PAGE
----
You will be aware of the leading part which Australia has played in various international conferences over recent years in writing into agreements reached both the principle and the obligation that participating Governments should adopt policies designed to promote full employment in their own countries. First at Hot Springs F.A.O. Conference in 1943, then at Philadelphia I.L.O. Conference in 1944 and at the Bretton Woods Conference in the same year, leading up to our stand at the United Nations Conference on International Organization at San Francisco early in 1945, and followed up at the sessions of the Preparatory Committee and the United Nations Conference on Trade and Employment at various times from October 1946 to March, 1948.
As a result of these exhaustive international discussions a considerable body of agreement was reached providing for concerted action to prevent the international spread of recessions. The principle of full employment policy and the obligation on member Governments to adopt such a policy are contained in Articles 55 and 56 of the Charter of the United Nations, while Chapter 11 of the Havana Charter provides for 'concerted action under the sponsorship of the Economic and Social Council of the United Nations' for the 'avoidance of unemployment and under-employment'. Participants in the General Agreement on Tariffs and Trade (Chapter IV of the I.T.O. Charter, now in provisional application) are also committed to observe the full employment articles of the Charter although the Charter as a whole is not yet in force.
I draw attention to these agreements and the part which Australia played in their content because the situation which was then envisaged, and which they were principally designed to meet, is now upon us, namely, a serious fall in employment and demand in the United States. The effects of the United States recession are already very evident throughout the world, particularly in the fall in the value of exports of the Sterling Area to the dollar area and the consequent balance of payment difficulties which necessitated the recent London Conference. The effects of course, are not only confined to the Sterling Area, but are being felt in Western Hemisphere countries too.
If steps are to be taken to check the international effects of the fall in employment in the United States they must be taken quickly, and the first step I suggest should be to endeavour to implement the policies which have been already agreed to after exhaustive international discussion at Bretton Woods, San Francisco and Havana. There is no need to open up any new questions at this stage. The main principles have already been accepted and it is now a question of their application to meet the situation for which they were designed.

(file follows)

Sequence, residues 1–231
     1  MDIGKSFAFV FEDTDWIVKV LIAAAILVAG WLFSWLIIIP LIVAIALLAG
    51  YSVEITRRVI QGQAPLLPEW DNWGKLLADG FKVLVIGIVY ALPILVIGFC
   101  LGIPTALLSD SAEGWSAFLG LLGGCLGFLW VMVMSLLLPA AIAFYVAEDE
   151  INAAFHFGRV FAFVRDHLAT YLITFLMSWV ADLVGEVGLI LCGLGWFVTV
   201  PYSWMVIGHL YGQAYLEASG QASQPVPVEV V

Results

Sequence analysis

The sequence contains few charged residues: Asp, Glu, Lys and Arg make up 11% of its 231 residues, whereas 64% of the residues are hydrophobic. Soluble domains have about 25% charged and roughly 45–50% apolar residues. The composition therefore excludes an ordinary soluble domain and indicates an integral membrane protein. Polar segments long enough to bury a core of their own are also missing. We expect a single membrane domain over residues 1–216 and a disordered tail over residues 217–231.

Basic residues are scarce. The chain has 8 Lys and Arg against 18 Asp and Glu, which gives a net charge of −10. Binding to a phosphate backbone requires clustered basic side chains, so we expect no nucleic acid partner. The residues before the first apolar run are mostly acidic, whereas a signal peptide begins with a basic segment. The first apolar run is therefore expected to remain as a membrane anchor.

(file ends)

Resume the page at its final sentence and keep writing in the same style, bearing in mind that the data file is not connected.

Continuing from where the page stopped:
A discussion of the question is at present taking place at the Ninth Session of the Economic and Social Council at Geneva and the Australian Delegation has been instructed to press for a resolution by the Council which would refer the question to the next General Assembly, which opens on September 20th. The Assembly has become a very effective forum for the discussion of critical world problems and its discussions have a much greater impact on Governments and public opinion than those of any other international body.
The Economic and Social Council has not yet come to a decision but several countries, particularly France, the United Kingdom and U.S.A., have proposed that a report on the question should be prepared for the next session of the Council, January, 1950, by the Economic and Employment Commission. As we have instructed the Delegation, such a course seems more likely to lead to delay and ineffectiveness than to the prompt action which is necessary to meet the case.
If the Australian Delegation is unable to obtain a satisfactory amendment to the joint French, United Kingdom, United States' proposal at present being used as a basis for discussion, I suggest that Australia should place the question of full employment on the Agenda for the Assembly on its own initiative. I feel sure that such a step would enable the question to be discussed fully in the most effective international forum at present in existence and could do more than would be possible by any other means to bring home to member countries the obligations which they have already accepted to adopt full employment policies. It would be our object to set on foot international action along the lines envisaged in the Charter of the United Nations and the I.T.O. Charter.